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Please note that Mommsen uses the AUC chronology (Ab Urbe Condita), i.e. from the founding of the City of Rome. You can use this reference table to have the B.C. dates

THE HISTORY OF OLD ROME

V. The Establishment of the Military Monarchy

From: The History of Rome, by Theodor Mommsen
Translated with the sanction of the author by William Purdie Dickson


The History of Old Rome

Chapter III - The Fall of the Oligarchy and the Rule of Pompeius

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Page 35

Meanwhile the confusion on the Asiatic continent had become still worse. Glabrio, who was to take up in the stead of Lucullus the chief command against Mithradates and Tigranes, had remained stationary in the west of Asia Minor and, while instigating the soldiers by various proclamations against Lucullus, had not entered on the supreme command, so that Lucullus was forced to retain it. Against Mithradates, of course, nothing was done; the Pontic cavalry plundered fearlessly and with impunity in Bithynia and Cappadocia. Pompeius had been led by the piratical war to proceed with his army to Asia Minor; nothing seemed more natural than to invest him with the supreme command in the Pontic-Armenian war, to which he himself had long aspired.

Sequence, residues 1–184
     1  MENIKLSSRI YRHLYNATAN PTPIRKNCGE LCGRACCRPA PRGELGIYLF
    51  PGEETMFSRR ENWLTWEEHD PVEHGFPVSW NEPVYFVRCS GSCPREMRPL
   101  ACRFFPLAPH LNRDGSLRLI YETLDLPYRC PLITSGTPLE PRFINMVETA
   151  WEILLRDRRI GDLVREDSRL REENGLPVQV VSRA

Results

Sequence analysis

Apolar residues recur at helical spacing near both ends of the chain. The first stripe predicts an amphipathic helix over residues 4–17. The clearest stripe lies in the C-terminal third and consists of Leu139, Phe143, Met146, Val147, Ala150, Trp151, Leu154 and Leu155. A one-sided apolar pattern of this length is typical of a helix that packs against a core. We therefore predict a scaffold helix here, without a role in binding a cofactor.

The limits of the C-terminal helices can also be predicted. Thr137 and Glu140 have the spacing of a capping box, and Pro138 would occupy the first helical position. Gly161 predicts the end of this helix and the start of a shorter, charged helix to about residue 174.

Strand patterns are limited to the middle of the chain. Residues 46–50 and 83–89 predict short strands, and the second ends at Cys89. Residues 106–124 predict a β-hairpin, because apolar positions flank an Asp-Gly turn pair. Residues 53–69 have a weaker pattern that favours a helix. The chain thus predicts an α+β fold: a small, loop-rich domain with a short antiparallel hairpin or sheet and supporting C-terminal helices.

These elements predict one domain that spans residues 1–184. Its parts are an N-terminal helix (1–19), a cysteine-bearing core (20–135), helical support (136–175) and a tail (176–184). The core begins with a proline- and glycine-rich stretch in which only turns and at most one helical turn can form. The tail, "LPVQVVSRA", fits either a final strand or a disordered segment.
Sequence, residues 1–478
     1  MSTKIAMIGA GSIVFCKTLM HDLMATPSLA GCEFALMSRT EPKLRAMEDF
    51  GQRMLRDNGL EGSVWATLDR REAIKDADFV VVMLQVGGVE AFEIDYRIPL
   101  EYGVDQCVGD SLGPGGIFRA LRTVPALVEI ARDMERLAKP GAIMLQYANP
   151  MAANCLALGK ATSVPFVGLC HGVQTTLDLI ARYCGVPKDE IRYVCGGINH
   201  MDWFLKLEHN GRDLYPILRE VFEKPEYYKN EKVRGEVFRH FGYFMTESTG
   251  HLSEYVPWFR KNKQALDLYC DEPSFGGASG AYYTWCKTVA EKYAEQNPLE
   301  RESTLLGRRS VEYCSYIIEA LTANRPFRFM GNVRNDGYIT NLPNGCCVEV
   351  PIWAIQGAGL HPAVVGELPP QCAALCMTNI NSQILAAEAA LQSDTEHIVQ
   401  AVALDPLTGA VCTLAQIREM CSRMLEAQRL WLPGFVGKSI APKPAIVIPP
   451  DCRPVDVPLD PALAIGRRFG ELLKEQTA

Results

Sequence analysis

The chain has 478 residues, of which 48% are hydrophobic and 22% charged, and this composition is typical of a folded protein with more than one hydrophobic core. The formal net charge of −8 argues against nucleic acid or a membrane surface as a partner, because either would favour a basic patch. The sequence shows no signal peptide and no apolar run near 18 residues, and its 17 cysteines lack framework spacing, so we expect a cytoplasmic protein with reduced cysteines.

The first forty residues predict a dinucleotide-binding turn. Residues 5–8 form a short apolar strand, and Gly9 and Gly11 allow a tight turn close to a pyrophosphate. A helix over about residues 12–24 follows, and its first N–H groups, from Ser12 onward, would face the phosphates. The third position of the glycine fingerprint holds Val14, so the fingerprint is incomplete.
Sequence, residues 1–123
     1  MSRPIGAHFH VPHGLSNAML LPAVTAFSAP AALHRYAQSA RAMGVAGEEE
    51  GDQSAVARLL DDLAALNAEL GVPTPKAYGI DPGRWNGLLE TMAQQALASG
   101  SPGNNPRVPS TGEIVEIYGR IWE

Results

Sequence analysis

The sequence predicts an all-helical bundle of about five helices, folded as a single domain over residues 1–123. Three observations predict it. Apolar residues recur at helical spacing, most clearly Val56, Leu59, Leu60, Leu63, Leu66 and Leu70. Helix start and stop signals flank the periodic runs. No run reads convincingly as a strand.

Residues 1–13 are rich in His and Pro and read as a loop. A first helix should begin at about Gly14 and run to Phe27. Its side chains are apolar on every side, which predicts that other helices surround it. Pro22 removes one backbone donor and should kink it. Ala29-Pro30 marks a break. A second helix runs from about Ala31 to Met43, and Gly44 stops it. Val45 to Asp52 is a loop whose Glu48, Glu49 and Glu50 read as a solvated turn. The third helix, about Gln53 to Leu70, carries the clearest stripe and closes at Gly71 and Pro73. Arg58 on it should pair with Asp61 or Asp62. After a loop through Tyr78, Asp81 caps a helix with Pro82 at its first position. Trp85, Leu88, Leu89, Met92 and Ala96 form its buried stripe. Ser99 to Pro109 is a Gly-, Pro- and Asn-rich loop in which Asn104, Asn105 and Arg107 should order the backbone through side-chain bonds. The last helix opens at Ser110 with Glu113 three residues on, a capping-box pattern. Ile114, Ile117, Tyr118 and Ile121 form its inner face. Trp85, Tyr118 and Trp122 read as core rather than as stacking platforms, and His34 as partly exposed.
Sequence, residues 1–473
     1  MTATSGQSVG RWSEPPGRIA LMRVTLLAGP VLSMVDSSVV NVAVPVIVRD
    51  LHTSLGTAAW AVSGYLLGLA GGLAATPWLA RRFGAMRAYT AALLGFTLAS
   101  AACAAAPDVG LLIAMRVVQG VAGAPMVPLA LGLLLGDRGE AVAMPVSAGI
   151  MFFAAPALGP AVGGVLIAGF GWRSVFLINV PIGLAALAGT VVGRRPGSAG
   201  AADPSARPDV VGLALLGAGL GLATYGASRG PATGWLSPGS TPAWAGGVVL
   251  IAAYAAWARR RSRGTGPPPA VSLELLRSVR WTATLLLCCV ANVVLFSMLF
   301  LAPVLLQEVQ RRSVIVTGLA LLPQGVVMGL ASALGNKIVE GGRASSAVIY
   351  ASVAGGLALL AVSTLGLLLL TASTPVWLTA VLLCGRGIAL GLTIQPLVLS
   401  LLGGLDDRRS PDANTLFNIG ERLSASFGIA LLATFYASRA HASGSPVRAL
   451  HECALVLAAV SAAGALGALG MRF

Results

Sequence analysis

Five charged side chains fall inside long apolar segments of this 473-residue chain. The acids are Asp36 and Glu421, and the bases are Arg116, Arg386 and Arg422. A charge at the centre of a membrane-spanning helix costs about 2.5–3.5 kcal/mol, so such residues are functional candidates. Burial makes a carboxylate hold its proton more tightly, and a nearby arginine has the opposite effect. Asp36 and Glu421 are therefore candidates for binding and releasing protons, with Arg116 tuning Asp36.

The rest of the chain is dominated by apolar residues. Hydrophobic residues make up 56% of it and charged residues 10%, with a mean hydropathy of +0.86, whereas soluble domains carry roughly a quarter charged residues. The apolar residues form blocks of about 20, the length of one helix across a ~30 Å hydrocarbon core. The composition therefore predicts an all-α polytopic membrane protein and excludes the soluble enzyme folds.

But the democratic party did not, as may be readily conceived, share the wishes of its general, and carefully avoided taking the initiative in the matter. It is very probable that it had induced Gabinius not to entrust both the war with Mithradates and that with the pirates from the outset to Pompeius, but to entrust the former to Glabrio; upon no account could it now desire to increase and perpetuate the exceptional position of the already too-powerful general. Pompeius himself retained according to his custom a passive attitude; and perhaps he would in reality have returned home after fulfilling the commission which he had received, but for the occurrence of an incident unexpected by all parties.

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Reference address : https://www.ellopos.net/elpenor/rome/5-03-fall-oligarchy-pompeius.asp?pg=35